Until further notice, you can submit the fresh claim by emailing the relevant paperwork to CSUEC@homeoffice.gov.uk. You can also post it to Further Submissions Unit, The Capital Building, Old Hall Street, Liverpool, L3 9PP.
My asylum appeal was dismissed and I have no further appeal options. Will I need to leave my Home Office accommodation?
The government has announced that asylum seekers and refugees will not be required to leave Home Office accommodation until the end of June 2020 even if their asylum case has come to an end.
5. Court Hearings
I have an appeal hearing listed. Will this go ahead?
The Tribunal will contact you or your representatives with instructions about the next steps in your case.
The Tribunal may wish to list your hearing as a remote hearing which would mean it would be conducted by telephone conferencing, video or Skype. If you do not believe that your appeal is suitable for such a hearing, you should inform the Tribunal.
Face-to-Face hearings are now being listed where possible and social distancing will be observed.
A list of email addresses for the immigration tribunals can be found here.
My application has been refused by the Home Office and I want to appeal the decision to the Tribunal. How can I do so?
You can continue to lodge an appeal with the Tribunal but must use the online procedure (MyHMCTS) to do so unless you fall within one of the exceptions contained in the practice statement issued on 11 June 2020.
There are three annexes to the new practice statement about how the appeal should proceed:
- Directions on cases lodged using MyHMCTS
- Different directions on cases not lodged using MyHMCTS
- Directions for appellants with no lawyer
6. Detained Clients
I want my solicitor to visit me but he is not making an appointment. Why not?
It is currently not possible for legal representatives or friends and family to visit detainees in Immigration Removal Centres.
Face-to-face visits with legal representatives will only be facilitated in exceptional circumstances and only if no other means of contact (Skype, phone, email) can be used instead.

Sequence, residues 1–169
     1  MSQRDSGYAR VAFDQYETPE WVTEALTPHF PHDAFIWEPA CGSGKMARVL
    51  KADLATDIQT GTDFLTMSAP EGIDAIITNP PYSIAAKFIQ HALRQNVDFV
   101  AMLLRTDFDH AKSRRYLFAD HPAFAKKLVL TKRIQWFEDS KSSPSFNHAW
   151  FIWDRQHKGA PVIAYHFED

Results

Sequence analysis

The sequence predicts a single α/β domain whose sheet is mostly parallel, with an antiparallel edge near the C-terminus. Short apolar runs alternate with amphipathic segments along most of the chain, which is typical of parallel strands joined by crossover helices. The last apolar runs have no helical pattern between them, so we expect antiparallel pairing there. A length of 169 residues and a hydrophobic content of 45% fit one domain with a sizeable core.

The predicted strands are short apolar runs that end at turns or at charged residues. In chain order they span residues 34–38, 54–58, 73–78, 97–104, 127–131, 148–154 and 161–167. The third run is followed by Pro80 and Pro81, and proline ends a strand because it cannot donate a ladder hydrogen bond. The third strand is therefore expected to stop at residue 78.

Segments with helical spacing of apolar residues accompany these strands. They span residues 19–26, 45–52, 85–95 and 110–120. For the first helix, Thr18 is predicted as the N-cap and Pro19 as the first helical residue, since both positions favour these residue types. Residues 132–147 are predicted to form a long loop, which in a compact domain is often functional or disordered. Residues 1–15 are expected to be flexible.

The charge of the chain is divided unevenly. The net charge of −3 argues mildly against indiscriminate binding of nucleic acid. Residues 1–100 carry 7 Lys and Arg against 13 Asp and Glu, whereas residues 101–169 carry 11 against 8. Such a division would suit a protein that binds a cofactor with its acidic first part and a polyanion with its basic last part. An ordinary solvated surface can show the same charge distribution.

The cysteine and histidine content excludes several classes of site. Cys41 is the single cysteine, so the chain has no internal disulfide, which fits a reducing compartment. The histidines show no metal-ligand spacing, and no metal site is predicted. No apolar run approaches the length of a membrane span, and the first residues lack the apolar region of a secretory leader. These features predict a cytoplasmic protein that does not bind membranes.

Is it possible to apply for bail?
It remains possible to apply to the Home Office and/or the Tribunal to grant you immigration bail. Bail hearings will be prioritised over other hearings but will be listed to take place by telephone or video link.
Is my detention lawful in light of Covid-19 and the travel restrictions?
In response to a legal challenge by Detention Action, the Home Office released 350 people from detention. The number of people held in immigration detention as of 24 March was 736 people (down from 1,225 on 1 January).
The Home Office has committed to urgently review the cases of every person currently held in immigration detention. They are starting with the most vulnerable, so it will be important to make the Home Office/healthcare services in the detention centre aware of any factors that make you vulnerable.
The Home Office has stopped the new detentions of people who would in normal circumstances be facing removal to one of the 49 countries to which removals are not currently taking place because of Covid-19 travel restrictions.
These countries are, at the time of writing:
Afghanistan, Albania, Algeria, Austria, Bulgaria, Cameroon, China, Croatia, Cyprus, Czech Republic, Denmark, Egypt, Finland, France, Germany, Greece, Hungary, Italy, India, Iraq, Ireland, Jamaica, Jordan, Kenya, Kuwait, Latvia, Lichenstein, Lebanon, Libya, Luxembourg, Mauritania, Morocco, Netherlands, Pakistan, Poland, Portugal, Romania, Rwanda, Saudi Arabia, Slovakia, Slovenia, Somalia, Spain, Sri Lanka, Sudan, Turkey, Uganda, Ukraine, Zimbabwe.